ACES ON BRIDGE
Arithmetic is numbers you squeeze from your head to your hand to your pencil to your paper till you get the answer.
— Carl Sandburg Against your six-club contract, West leads the diamond three to East’s ace, and East returns a diamond to your king. You can try the heart finesse for the 12th trick. Is there anything better?
There is, indeed. You must make the most of your coming discard on the diamonds. Your best play at trick three is to cash two of your high trumps from hand. Then, cross to the trump honor in dummy, cash the heart king and ace, and discard your losing heart on dummy’s diamond queen. Finally, ruff a heart in hand and lead a spade to the board to discard your spade loser on the established hearts.
This line of play is a real improvement over relying on the heart queen to be onside. It negotiates all the 3-2 heart splits and also succeeds when the queen is singleton.
This is considerably better than the straightforward heart finesse, which is only a 50 percent chance, plus the slight chance of a singleton queen offside. On average, a suit will break 3-2 about two-thirds of the time, and when there is a singleton queen, that ups the odds for this line even further.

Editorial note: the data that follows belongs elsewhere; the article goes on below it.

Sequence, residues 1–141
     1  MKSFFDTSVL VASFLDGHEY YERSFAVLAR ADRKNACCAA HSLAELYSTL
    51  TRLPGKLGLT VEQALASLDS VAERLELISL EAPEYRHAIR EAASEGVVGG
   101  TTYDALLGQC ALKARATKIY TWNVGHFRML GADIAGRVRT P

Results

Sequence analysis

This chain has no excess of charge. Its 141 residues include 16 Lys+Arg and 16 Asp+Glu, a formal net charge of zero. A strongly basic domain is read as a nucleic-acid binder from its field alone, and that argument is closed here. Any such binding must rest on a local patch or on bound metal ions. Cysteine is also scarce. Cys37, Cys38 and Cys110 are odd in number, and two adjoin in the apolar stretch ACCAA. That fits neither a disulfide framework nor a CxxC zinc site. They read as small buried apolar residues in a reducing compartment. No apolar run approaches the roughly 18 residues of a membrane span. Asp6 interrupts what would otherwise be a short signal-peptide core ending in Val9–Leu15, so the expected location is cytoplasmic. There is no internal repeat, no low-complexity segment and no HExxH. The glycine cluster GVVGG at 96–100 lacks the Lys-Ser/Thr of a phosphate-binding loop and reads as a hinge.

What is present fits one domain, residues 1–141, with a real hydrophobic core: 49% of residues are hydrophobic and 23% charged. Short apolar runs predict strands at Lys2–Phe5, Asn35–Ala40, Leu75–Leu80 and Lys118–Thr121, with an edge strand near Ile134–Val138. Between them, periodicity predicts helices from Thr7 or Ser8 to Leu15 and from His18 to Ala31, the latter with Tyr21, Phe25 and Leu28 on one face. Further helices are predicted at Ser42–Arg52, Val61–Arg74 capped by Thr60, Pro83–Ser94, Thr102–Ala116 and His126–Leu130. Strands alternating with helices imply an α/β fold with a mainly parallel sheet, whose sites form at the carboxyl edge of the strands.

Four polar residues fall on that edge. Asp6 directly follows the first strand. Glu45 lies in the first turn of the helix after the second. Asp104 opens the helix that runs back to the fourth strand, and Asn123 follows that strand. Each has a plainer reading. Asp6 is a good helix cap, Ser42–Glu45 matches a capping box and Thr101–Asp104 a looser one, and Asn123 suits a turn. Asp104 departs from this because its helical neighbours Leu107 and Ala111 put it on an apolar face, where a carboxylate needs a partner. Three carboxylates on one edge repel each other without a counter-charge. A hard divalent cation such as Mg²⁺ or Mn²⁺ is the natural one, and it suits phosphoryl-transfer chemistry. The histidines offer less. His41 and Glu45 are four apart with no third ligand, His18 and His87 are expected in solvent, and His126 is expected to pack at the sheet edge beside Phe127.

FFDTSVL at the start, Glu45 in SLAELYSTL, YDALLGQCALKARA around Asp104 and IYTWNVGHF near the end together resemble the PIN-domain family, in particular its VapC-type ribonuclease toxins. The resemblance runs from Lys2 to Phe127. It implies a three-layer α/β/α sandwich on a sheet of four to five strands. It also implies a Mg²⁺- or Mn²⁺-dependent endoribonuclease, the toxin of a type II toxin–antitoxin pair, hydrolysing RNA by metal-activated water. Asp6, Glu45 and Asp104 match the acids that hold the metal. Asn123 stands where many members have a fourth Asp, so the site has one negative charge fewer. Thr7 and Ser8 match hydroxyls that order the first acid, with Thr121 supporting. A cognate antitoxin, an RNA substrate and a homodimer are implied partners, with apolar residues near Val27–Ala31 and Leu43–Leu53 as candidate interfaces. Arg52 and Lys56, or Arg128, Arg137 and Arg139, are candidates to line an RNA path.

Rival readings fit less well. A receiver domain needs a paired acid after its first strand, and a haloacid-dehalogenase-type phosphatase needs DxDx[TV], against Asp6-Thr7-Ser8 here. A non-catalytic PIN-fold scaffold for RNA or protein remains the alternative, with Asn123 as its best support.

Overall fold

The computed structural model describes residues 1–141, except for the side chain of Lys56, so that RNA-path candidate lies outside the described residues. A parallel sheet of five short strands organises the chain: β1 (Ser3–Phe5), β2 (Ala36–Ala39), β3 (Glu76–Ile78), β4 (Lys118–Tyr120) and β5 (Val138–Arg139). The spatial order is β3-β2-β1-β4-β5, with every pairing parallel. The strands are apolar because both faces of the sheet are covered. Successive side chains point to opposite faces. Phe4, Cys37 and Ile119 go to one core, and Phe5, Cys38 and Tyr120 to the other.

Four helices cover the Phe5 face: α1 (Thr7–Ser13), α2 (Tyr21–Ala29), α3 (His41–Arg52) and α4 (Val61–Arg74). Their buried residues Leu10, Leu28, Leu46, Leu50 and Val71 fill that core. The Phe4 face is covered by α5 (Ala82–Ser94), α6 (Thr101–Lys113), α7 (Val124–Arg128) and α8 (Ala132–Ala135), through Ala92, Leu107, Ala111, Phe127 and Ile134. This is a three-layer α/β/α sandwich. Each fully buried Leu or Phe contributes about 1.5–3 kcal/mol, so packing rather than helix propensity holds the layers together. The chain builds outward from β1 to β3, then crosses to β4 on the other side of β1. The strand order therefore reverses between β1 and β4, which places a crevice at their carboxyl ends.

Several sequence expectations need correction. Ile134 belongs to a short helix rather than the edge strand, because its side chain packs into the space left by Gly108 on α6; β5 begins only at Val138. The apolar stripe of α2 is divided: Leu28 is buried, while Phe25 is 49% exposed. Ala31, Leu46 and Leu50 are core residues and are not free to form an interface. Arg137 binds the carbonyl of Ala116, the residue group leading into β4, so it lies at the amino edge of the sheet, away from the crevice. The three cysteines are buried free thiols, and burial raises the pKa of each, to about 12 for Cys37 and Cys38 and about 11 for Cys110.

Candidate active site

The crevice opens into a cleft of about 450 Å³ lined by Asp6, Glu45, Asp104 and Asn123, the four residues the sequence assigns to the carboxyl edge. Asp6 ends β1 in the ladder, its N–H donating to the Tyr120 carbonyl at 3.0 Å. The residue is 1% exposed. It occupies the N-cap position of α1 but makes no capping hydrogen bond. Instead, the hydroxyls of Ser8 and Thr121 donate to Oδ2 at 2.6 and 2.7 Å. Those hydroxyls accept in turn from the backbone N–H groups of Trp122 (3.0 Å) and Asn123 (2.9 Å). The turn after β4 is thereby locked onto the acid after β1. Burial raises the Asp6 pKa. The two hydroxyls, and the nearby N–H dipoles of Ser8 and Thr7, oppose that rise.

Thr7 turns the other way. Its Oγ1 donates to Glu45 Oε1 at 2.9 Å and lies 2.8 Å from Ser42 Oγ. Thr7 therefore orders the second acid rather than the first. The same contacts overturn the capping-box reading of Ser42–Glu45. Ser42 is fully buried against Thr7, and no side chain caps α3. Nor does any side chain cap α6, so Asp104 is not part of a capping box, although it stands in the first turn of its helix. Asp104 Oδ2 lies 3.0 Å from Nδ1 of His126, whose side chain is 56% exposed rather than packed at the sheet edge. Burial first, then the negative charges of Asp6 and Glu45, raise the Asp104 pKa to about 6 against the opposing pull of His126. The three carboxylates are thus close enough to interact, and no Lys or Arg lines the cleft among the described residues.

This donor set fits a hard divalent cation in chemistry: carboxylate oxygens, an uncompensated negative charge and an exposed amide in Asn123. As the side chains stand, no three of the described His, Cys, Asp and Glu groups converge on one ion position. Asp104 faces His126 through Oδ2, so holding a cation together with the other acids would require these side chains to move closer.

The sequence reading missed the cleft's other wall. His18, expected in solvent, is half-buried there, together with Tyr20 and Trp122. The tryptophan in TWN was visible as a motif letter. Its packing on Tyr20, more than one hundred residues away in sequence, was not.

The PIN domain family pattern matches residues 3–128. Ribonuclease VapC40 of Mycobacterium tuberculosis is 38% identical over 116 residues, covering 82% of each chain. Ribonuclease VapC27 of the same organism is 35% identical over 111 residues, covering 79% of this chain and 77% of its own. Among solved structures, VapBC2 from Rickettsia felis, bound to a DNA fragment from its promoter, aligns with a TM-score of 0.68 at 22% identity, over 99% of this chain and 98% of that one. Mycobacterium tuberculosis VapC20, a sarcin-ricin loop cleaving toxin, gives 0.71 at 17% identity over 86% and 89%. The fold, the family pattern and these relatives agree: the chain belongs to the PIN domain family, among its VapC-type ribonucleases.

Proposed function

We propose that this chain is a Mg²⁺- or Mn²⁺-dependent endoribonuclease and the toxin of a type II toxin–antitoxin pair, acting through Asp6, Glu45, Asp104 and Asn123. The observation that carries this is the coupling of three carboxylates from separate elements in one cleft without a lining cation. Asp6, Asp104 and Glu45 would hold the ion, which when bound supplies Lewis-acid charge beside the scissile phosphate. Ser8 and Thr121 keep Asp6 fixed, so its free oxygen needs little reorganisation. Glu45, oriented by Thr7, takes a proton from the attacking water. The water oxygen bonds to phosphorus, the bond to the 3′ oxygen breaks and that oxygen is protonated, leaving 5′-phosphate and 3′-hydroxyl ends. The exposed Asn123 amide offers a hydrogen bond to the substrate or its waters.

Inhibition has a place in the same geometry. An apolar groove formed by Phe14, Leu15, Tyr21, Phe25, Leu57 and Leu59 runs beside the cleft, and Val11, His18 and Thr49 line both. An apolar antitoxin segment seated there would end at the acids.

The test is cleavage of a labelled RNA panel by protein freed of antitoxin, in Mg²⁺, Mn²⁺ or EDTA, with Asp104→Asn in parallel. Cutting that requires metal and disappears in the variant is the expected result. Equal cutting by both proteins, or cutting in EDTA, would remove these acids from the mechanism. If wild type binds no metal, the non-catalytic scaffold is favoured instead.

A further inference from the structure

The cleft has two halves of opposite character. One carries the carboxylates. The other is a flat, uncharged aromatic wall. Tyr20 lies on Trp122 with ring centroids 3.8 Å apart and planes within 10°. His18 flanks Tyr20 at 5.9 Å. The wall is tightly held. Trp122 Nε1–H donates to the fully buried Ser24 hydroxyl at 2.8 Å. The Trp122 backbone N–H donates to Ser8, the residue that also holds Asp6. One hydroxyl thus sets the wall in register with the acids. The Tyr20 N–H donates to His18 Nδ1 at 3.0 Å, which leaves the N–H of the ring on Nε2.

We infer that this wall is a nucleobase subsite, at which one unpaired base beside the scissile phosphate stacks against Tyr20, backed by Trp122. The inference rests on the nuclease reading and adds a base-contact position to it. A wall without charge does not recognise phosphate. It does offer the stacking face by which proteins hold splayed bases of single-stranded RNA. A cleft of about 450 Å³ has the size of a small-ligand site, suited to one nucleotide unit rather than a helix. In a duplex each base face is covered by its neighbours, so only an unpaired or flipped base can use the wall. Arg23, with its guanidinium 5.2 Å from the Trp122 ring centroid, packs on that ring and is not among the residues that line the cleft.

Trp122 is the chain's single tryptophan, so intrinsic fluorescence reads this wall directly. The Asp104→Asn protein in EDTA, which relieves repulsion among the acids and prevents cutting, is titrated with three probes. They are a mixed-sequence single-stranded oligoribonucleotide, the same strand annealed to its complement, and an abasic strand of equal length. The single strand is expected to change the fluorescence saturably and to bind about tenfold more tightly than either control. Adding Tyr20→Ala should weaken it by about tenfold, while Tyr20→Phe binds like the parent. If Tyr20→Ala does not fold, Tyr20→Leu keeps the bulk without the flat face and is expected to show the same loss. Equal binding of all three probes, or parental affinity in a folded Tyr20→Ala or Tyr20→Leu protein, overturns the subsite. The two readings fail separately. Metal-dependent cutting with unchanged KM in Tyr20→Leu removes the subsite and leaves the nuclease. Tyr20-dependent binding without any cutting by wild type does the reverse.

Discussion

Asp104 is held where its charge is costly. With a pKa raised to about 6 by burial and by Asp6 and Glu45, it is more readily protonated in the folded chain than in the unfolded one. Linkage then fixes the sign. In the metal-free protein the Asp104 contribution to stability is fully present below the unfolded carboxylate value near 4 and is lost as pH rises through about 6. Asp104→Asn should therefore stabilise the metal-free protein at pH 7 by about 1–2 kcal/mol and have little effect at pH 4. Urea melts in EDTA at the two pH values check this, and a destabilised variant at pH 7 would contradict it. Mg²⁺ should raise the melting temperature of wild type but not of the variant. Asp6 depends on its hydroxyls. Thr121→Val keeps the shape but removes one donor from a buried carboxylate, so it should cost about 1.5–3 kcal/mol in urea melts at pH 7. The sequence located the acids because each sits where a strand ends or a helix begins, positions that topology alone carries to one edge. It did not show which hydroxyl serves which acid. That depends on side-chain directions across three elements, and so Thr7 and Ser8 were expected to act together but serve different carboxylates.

Incidentally, you will note that had the defenders shifted to a spade at trick two, that removes dummy’s late entry. Declarer must lead two high trumps from hand, then cash the two top hearts, take his discard, ruff a heart high and go back to the club king to obtain his discards. ANSWER: The rebid of one no-trump here does not promise the moon in the way of spade guards — you may occasionally have to make the call with three small, so by comparison, you are positively over-endowed in spade stoppers. You would rather not introduce a three-card suit if you can help it, especially when you have a good practical alternative.